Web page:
The heightened risk of emergency animal disease entering Australian shores has reignited the debate for mandatory electronic identification tags in sheep.
But key industry voices are at loggerheads as to the rationality of the tags at this particular point in time, and they should be considered as part of a broader range of actions that the Australian livestock industry need to undertake, including the harmonisation of traceability standards.
Red Meat Advisory Council chair John McKillop, speaking at the Queensland Rural Press Club recently, said if foot and mouth disease arrived on Australia's doorstep, the sheep industry would very much lament its lack of action on electronic tags.
It was an insurance policy, he said.
"I have life insurance and never once have I regretted not claiming on it," Mr McKillop said.
"It's beyond me why we don't have electronic tags for sheep. With lambs making $200, to not put a $2 button in its ear because it's only going to be around for six months makes no sense.
"If we get FMD, the sheep industry will be the first to think, I wish we had done that some time ago.
"No one will be saying they wish they hadn't bothered with NLIS, believe me."
Thomas Elders Market consultant Andrew Whitelaw said tracking and containing the disease would be crucial to limiting its spread and reducing the length of time any export ban was in place.
"Many are against EID tags due to the cost. I can assure you that $1.30 on a tag is money well spent. It is cheap insurance, provided all the systems are in place," Mr Whitelaw said.
But WoolProducers Australia CEO Jo Hall said their comments are out of step, and mandating EIDs as an insurance policy is too simplistic of an argument.
She said a nationally harmonised livestock identification system must be put into place.
"It is a really simplistic approach to say that just by putting an EID in a sheep is going to mitigate the impacts of an emergency animal disease on the sheep flock," Ms Hall said.
"EIDs are an important part of a broader range of actions that the Australian livestock industries and governments need to undertake to prepare for an EAD, but the first thing that needs to happen is agreement amongst the state jurisdictions on business rules and how the national traceability and supporting mechanisms all interact between the states."
She said WPA is supportive of EIDs for biosecurity purposes, but only when the underpinning traceability systems are nationally consistent.
"Until we have a guaranteed commitment from all state governments that they will implement the business rules consistently across the country along with the establishment of a national database for all FMD susceptible species and with equitable funding arrangements between industry and government, we will not be supportive of mandatory EIDs," Ms Hall said.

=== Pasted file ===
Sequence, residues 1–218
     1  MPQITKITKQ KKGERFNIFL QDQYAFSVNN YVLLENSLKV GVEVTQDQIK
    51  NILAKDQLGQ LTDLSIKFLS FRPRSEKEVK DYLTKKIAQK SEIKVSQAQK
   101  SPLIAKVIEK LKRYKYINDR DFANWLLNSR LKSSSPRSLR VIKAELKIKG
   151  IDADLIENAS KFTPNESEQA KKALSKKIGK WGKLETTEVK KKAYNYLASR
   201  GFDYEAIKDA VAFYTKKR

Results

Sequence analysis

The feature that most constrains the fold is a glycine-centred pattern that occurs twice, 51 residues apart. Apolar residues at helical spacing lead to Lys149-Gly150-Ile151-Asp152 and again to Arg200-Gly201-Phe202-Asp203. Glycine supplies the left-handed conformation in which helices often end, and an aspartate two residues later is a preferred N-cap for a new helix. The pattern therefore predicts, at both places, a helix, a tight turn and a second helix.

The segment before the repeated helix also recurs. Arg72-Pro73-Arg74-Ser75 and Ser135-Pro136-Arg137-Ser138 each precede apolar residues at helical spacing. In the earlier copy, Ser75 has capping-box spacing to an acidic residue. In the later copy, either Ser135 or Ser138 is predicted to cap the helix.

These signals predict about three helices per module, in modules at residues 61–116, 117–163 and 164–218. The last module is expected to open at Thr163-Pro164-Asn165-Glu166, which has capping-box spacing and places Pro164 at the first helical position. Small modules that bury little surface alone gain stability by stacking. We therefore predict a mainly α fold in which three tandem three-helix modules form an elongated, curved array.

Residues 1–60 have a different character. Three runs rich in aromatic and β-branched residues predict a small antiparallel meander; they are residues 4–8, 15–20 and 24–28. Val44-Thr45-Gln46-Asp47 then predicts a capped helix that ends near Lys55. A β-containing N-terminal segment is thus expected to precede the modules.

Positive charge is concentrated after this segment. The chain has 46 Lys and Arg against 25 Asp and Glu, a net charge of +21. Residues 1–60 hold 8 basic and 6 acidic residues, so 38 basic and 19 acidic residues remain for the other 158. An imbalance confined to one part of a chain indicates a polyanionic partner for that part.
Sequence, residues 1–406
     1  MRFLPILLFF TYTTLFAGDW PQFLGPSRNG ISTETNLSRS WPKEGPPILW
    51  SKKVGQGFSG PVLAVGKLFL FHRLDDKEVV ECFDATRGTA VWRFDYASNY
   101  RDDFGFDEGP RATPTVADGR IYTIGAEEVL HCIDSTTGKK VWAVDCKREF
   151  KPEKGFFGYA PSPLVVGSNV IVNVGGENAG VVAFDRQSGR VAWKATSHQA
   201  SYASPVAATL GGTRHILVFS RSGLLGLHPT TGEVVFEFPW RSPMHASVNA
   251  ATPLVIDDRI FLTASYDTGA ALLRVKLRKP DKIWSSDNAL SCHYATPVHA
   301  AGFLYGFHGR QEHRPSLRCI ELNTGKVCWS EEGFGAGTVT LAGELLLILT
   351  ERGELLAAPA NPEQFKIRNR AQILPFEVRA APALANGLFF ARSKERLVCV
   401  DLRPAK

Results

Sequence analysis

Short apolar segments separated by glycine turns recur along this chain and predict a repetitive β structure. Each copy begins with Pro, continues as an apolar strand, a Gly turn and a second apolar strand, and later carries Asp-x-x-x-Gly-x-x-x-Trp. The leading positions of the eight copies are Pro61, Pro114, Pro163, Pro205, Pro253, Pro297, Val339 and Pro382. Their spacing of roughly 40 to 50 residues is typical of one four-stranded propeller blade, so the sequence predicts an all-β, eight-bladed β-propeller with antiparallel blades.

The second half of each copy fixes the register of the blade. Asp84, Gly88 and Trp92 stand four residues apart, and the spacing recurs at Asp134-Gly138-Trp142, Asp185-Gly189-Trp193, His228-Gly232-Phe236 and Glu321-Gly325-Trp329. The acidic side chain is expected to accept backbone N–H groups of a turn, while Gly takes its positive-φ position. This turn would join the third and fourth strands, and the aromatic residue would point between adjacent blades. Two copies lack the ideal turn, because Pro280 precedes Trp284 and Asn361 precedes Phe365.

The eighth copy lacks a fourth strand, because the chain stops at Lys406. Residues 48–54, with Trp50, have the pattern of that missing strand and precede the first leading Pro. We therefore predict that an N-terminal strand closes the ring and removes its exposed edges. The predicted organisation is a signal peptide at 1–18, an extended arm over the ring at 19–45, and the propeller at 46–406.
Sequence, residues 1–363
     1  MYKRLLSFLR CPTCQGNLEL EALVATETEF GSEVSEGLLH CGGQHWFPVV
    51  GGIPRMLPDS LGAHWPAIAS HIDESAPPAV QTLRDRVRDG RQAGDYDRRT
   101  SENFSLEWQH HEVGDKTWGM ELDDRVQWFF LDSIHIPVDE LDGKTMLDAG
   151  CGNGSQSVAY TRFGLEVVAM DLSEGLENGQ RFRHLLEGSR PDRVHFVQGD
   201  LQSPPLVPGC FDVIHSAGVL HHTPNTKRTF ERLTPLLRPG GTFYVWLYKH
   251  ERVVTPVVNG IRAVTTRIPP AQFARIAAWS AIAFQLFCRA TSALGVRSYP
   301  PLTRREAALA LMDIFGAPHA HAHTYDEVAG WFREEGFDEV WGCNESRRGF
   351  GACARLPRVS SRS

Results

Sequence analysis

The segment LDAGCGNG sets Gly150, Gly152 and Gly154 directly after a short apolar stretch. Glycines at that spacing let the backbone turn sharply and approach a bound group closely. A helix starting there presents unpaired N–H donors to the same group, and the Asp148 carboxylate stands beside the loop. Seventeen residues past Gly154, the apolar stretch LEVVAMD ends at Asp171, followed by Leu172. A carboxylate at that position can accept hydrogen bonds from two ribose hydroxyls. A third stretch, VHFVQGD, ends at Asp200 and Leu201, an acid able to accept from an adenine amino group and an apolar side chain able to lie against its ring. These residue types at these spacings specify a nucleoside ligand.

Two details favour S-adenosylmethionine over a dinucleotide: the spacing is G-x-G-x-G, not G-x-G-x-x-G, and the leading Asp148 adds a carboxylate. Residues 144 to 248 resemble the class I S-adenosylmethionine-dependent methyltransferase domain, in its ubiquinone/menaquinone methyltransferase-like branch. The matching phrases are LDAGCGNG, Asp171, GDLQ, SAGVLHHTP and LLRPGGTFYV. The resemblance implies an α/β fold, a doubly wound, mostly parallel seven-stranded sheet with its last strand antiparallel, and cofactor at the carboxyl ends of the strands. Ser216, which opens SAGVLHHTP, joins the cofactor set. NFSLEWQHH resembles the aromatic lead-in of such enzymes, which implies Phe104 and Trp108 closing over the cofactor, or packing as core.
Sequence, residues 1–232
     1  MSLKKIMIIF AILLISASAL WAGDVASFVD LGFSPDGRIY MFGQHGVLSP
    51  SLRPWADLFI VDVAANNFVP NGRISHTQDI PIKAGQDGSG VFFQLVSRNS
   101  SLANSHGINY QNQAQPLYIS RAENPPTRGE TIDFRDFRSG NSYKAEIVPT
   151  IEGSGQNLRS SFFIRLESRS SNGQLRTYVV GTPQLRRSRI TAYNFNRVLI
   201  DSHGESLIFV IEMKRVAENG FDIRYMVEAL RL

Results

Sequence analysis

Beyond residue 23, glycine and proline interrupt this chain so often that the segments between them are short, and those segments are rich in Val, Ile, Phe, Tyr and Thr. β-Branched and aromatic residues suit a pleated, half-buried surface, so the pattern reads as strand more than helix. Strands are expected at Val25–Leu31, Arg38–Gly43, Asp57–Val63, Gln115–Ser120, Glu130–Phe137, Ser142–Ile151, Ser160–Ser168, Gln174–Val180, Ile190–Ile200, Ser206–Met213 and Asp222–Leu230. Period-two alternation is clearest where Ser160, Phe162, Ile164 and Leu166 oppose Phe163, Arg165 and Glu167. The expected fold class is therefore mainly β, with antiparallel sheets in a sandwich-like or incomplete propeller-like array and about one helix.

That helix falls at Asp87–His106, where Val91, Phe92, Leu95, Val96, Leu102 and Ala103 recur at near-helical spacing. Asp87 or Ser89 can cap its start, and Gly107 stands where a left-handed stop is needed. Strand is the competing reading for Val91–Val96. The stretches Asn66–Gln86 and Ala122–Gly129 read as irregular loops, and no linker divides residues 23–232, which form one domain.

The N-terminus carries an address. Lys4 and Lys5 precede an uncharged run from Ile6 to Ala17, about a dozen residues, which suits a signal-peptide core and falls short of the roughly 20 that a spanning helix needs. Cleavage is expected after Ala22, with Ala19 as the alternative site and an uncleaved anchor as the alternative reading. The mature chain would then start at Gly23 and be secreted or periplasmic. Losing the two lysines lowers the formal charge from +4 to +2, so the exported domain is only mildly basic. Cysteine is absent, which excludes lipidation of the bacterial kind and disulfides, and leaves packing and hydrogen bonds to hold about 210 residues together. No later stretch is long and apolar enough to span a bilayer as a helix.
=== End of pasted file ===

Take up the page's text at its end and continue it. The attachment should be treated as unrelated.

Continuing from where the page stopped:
SheepProducers Australia CEO Bonnie Skinner said the rapid and reliable tracing of sheep and goats plays a significant part in emergency disease response.
And she said the faster the animals can be traced, the greater the chance of controlling the disease outbreak, minimising its economic and social effects.
"Electronically identified livestock can be traced with greater efficiency and accuracy than visually identified livestock," Ms Skinner said.
"The benefits of improved traceability to biosecurity and market access will accrue across the entire value chain, including government."
Since 2018 SPA has been working with SAFEMEAT and its members on the development of reform recommendations to the National Livestock Identification System.
Ms Skinner said SPA is supportive of whole-of-system traceability reform, of which individual electronic identification is a vital component.
"This includes investment into the database, sustainable and equitable cost sharing arrangements and the establishment of a national governance body that has the ability to hold all stakeholders accountable," Ms Skinner said.
Ms Skinner said SPA is committed to progressing discussions for the implementation and funding of a national EID system for the sheep industry in conjunction with these broader NLIS reform measures.
And she said the cost to transition from mob-based to individual identification, and the associated system changes required to support that transition, is the most significant step in evolving into a more robust system.
"For any system to succeed, the whole supply chain, including government, need to have ownership of the system and be capable of resourcing and implementing it," Ms Skinner said.
"It must be supported by adequate upfront and ongoing investment, technical assistance in the field and robust compliance monitoring.
"This is the responsibility of all participants in the supply chain."
She concurred Ms Hall's comments, saying the key principle underpinning the evolution of a traceability system must be the harmonisation of traceability standards and centralisation to create a truly national system.
"Effective traceability relies inherently on industry compliance and national consistency," Ms Skinner said.
"The simple reality is that disease does not respect jurisdictional boundaries."
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